Having been in academia for so many years, and involved in creative writing for the past fourteen years, I have found many of the assumptions of academics and writers to be similar. Both classes would be considered intellectuals of a sort–I know it  takes a great deal of intelligence to do creative writing, and getting a Ph.D. takes a great of intellect and effort. When it comes to moral positions and politics, however, intellectuals seem no smarter than someone who could not make a D in English or science. On those areas, some of the “common people” have far more wisdom than the so-called intellectuals. The problem is that intellectuals believe that because they are experts in an academic discipline, they also have the practical reasoning to give good advice on political and moral positions. In these areas intellectuals often fall into pseudo-intellectuals. One way they reveal their ignorance is by their assumptions. Most academics and writers are liberals, and they assume falsely that other intellectuals and writers are all liberals like them. They also assume falsely that liberalism is self-evident rather than requiring justification and that any conservative is either ignorant, unethical, or both. The arguments of the academic and literary left, in my experience, are either abusive ad hominem, straw man, or poisoning the well. Very few genuine arguments are presented. It is easy to attack a person’s intelligence and/or character rather than engage in the difficult craft of good argumentation. Some academics and writers will listen to alternative points of view, but most, from my experience, are closed minded and identify the political and the personal. Conservatives, except for extremists, have no problems liking liberals personally or having liberal friends, and thankfully some liberals are the same way. But in academia and among many writers I have seen, liberals refuse to be friends with conservatives and tend to think they are bad people, especially those who defend traditional sexual ethics. Since the 1962 Port Huron Meeting, the New Left has gone on to dominate academia, poisoning it, most likely permanently. It is a shame that those who should be the most open to alternate points of view are often the most closed.

 

36th International Conference, Society for Psychical Research, 7-9 September, 2012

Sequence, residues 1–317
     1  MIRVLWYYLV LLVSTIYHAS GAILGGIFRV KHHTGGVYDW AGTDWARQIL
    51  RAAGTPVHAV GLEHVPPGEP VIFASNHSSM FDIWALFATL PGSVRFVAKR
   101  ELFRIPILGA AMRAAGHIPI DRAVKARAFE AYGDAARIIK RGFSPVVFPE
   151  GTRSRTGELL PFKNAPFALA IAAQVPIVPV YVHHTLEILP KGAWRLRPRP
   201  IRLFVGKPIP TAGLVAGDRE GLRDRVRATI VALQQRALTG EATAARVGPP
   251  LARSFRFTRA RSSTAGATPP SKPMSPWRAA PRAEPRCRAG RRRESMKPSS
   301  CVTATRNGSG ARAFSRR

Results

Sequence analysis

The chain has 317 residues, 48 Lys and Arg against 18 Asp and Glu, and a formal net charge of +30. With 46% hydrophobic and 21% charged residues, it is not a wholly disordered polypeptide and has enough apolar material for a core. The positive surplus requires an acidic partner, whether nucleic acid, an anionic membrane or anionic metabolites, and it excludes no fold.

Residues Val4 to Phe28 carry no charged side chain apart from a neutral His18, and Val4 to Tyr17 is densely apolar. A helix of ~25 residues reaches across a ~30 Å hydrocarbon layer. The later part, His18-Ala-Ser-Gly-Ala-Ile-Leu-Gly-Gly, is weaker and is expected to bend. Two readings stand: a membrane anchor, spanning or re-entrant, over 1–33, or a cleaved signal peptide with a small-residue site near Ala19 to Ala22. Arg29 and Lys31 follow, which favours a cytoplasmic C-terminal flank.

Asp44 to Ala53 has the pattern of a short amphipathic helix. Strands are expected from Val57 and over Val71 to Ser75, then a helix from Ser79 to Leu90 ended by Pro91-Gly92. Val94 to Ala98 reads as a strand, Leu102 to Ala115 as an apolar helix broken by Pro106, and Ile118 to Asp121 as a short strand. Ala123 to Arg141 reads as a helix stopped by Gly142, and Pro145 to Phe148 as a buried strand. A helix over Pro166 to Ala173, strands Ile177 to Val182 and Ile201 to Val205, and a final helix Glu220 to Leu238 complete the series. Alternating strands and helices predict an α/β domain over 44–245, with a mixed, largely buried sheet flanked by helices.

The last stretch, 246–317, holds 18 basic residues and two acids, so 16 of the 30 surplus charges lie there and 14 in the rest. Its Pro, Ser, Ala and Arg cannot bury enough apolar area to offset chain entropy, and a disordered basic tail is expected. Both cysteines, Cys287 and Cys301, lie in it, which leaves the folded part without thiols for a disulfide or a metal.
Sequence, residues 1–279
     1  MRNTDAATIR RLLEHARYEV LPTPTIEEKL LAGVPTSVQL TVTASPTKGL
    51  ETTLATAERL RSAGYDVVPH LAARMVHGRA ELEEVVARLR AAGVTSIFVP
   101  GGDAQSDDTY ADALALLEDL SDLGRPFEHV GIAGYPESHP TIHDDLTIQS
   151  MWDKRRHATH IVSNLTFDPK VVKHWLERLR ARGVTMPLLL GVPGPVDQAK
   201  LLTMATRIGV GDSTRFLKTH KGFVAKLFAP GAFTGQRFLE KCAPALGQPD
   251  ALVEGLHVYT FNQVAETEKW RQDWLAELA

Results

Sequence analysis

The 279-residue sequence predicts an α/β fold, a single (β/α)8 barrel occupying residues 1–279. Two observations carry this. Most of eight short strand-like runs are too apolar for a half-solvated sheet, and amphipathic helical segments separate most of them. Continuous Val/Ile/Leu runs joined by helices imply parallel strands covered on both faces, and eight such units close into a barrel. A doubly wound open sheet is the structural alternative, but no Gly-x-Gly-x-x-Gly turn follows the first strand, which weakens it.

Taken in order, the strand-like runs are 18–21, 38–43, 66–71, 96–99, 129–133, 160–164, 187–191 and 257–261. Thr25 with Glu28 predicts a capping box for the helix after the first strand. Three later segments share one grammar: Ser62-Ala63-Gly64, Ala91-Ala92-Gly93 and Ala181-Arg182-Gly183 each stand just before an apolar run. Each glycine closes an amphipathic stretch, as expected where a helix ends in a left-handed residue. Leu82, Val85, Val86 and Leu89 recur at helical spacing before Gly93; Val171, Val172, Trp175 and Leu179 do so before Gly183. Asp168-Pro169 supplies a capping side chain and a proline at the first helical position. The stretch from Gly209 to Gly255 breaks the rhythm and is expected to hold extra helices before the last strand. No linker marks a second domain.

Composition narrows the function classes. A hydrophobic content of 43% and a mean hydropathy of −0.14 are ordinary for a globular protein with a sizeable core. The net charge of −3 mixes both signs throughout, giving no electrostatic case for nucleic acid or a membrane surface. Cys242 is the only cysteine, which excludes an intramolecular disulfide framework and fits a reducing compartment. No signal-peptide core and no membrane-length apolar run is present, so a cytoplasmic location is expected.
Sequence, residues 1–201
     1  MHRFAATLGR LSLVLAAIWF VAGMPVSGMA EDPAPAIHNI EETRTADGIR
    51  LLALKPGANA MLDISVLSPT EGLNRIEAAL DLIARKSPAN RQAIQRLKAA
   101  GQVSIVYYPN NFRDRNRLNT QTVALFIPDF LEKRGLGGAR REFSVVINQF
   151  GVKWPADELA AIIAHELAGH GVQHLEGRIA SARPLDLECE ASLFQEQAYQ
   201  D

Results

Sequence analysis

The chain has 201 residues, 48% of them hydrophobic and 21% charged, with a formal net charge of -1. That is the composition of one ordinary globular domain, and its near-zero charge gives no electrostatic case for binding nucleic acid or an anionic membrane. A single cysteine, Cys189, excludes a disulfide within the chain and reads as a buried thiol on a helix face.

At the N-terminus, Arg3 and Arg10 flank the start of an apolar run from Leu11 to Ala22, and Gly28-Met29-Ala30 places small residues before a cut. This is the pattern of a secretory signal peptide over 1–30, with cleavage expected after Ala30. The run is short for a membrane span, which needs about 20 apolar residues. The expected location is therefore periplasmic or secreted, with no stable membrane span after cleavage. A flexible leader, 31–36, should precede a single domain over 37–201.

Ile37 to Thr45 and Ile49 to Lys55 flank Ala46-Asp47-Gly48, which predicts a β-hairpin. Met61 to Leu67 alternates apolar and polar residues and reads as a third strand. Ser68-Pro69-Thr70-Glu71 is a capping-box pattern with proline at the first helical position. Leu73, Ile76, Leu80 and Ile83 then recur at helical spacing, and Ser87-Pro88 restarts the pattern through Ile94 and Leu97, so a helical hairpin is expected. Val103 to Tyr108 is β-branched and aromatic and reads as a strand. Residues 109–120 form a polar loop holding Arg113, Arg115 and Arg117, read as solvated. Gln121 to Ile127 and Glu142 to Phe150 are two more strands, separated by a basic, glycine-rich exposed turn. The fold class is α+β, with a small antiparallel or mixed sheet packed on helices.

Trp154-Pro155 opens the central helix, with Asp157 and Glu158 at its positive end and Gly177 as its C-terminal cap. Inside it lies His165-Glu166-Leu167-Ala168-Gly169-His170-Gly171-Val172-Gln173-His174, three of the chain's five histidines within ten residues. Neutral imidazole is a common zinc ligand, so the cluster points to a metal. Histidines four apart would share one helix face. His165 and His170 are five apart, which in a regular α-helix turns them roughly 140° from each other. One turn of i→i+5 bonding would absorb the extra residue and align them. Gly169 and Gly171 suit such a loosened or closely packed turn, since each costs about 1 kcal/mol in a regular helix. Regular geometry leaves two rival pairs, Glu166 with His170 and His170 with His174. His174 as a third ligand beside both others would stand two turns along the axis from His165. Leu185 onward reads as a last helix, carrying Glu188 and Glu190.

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Corporate logo of the University of Northampto...

Corporate logo of the University of Northampton (400×102 px, 7,573 bytes) (Photo credit: Wikipedia)

The 36th International Conference of the Society for Psychical Research took place from September 7-9, 2012 at the University of Northampton, UK. This year also marks the 130th year of the existence of the SPR, which was founded in 1882. The conference was a great success, and the quality of the papers outstanding. The first paper, by John Poynton, proposed narrative, specifically novels, as a way to show (rather than to tell) the public that the mechanistic view of nature is bankrupt. This is something he has attempted to do in his own novels. Given the contemporary emphasis in narrative approaches to philosophy and other fields, Carr’s view offered a corrective to an over-emphasis on discursive telling in science and philosophy.

Mary Rose Barrington has been in the field of psychical research for many years, and I am always impressed with the quality and wisdom of her papers, She proposed that psychical research does not deal with replicable phenomena and that this should not stand in the way of continuing to do such research. I found her talk intellectually stimulating. It raised issues concerning the definition of science and whether psychical research is a science. Given that science does deal with some non-replicable phenomena (the big bang, the course of biological evolution, which seems to be contingent), this should not preclude the scientific nature of psychical research. Even if it is an independent discipline more closely related to history, that does not prevent its discovery of truths.